This one might be surprising, but your therapist’s job is not to be your best friend. Your therapist’s job is to help you figure out what’s causing you to feel stuck, anxious, alone, depressed, resentful, burnt out, [etc. etc. name your feelings] and to help you change it. To help you get unstuck, feel less depressed, feel more connected, more satisfied, fulfilled and content with the life you’re living. This means your therapist may push you a little- sometimes a lot- to consider how what you’re thinking, feeling and doing that might be contributing to the current circumstances and how you can actively make changes that will help you feel better.
A therapist friend of mine has said, “my job is to make you comfortably, uncomfortable” and I totally agree. You can come to session and expect your therapist to agree with everything you think, feel and do and continue living your life the same as before you started- or you can come to sessions open to the possibility that there might be another way- possibly a harder way (at least at first)- that will lead you towards the life you want to live instead. In this process of figuring out new and different ways of dealing with the anxiety, reactivity, postpartum depression or distress, professional burn out or whatever else is getting in your way, it’s possible your therapist offers feedback that is not feel helpful, is inaccurate, does not resonate or just plain pisses you off.
While I do everything in my power to try to remain self aware and sensitive to the fact that I can (in my flawed humanity) sometimes say something that completely misses the mark or does not sit well with my clients, it’s just not always possible to know in the moment. It’s unbelievably helpful, healing and productive when a client is able to tell me that they disagree with me or that something I said pissed them off or did not sit well with them. I’m not a mind reader (see point 2) and sometimes I just get it wrong. A good therapist should be able to own their mistake, honor your experience and help you process what and where things went wrong in order to see if it’s something that can be worked through together. If it’s not, and you or the therapist don’t believe you can recover from whatever conflict arose between you, your therapist should be willing to point you in the direction of someone else who can help.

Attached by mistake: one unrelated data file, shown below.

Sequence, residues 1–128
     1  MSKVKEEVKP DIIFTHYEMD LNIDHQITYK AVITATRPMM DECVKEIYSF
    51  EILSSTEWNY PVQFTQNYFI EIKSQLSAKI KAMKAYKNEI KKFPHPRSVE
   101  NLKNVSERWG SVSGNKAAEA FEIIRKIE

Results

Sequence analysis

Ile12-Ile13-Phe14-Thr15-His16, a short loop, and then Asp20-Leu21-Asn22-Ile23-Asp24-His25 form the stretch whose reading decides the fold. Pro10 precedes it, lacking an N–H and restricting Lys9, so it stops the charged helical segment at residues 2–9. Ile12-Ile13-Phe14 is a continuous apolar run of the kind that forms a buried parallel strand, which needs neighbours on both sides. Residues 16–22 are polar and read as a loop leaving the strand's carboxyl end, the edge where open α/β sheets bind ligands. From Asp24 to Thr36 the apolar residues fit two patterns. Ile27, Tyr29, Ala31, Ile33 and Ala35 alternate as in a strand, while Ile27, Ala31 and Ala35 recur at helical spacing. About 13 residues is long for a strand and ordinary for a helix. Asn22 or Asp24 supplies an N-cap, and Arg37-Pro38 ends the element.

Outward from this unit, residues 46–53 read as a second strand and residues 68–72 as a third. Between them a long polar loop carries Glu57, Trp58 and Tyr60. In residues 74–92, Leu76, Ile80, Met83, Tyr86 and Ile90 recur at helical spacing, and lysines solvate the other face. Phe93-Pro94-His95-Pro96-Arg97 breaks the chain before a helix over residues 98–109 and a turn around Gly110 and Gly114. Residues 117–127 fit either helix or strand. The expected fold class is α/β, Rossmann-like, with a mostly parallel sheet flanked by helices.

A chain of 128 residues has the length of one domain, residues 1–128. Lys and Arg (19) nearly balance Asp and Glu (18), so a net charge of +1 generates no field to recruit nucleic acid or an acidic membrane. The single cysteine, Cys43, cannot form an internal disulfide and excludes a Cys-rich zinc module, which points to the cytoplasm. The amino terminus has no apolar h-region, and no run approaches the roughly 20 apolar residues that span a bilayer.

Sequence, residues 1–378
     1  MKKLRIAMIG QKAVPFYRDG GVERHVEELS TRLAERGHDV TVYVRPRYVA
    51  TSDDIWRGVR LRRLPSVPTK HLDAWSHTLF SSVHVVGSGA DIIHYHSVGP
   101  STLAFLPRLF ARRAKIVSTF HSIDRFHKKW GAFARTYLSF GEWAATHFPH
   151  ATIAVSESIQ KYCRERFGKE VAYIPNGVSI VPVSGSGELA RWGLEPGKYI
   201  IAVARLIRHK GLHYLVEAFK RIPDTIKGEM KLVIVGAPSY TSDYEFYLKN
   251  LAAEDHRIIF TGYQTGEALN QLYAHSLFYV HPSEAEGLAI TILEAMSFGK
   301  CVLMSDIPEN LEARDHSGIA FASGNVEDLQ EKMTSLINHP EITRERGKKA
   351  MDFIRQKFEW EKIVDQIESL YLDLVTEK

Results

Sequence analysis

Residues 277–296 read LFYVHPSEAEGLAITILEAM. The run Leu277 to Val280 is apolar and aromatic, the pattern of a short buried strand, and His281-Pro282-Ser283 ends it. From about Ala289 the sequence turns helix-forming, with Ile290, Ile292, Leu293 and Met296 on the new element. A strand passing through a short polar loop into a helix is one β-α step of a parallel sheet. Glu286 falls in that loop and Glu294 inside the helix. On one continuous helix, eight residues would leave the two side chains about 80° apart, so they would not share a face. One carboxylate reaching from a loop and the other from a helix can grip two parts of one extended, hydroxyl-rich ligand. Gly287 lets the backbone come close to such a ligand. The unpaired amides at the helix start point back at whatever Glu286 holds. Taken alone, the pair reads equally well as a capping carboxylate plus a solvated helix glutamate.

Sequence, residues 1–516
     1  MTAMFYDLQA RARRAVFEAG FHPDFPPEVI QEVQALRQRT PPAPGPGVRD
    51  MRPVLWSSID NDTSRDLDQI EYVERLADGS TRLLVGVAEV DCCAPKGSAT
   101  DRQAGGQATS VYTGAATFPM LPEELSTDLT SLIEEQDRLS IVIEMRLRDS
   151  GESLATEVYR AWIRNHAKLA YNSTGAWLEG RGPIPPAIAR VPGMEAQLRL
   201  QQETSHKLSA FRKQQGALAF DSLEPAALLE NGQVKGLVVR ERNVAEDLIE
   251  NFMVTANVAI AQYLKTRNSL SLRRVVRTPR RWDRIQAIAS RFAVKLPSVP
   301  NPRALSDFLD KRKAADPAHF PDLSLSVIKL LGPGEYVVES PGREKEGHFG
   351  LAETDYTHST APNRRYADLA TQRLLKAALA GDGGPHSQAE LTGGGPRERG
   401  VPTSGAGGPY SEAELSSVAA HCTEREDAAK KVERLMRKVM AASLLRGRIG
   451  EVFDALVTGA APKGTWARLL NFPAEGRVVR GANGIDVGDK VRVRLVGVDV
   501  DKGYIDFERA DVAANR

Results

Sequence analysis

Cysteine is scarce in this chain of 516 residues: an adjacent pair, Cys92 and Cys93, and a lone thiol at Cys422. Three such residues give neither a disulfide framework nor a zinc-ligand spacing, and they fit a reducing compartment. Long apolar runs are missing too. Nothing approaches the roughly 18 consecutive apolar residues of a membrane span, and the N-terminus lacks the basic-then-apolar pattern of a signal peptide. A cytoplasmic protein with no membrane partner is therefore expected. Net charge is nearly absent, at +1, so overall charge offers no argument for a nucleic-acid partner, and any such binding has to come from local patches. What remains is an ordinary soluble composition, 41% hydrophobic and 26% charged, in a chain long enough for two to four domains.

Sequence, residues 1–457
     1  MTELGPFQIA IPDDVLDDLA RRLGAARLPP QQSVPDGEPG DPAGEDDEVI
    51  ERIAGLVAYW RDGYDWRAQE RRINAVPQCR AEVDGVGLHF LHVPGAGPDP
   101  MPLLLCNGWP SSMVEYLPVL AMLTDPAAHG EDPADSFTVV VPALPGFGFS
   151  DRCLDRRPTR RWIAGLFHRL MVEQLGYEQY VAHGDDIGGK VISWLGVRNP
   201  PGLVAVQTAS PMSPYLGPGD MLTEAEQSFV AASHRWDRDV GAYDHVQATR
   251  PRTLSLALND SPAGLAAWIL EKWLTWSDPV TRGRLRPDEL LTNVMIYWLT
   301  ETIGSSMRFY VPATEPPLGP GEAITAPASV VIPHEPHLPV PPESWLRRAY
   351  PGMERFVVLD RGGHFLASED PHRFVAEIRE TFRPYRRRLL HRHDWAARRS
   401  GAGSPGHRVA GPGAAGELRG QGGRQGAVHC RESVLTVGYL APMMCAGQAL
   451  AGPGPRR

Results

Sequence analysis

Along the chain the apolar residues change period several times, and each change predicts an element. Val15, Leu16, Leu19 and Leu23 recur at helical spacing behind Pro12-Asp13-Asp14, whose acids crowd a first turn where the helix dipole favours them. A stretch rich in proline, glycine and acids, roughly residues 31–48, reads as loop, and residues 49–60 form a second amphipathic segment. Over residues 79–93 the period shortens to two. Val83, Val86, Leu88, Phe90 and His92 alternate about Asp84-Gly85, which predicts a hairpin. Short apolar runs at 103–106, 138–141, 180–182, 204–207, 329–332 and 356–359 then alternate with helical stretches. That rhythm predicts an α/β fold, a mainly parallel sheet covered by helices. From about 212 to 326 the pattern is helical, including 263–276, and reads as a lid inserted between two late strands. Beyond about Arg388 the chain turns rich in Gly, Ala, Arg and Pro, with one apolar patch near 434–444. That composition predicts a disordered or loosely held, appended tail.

My hope is that if I say something insensitive, inaccurate or hurtful that my clients feel safe enough to let me know I let them down and that our relationship is strong enough to withstand the tension that can surface with that type of conversation. Perhaps, practicing asserting your feelings of disappointment, anger or disconnect with your therapist will create opportunity for you to see what other relationships may benefit from that type of honesty and communication. It might also offer the imperfect human sitting across from you in the fancy counselor chair to reflect on how they can better serve you and other potential clients who come through their door by avoiding such mistakes in the future.
Anne Russey, LPC-S specializes in working with parents to address postpartum depression, postpartum anxiety, adjustment to parenthood, LGBTQ+ adults and burnt out professionals. Online and in office counseling services are available. Visit www.annerusseycounseling.com/about to learn more and book your free consultation when you’re ready to get started.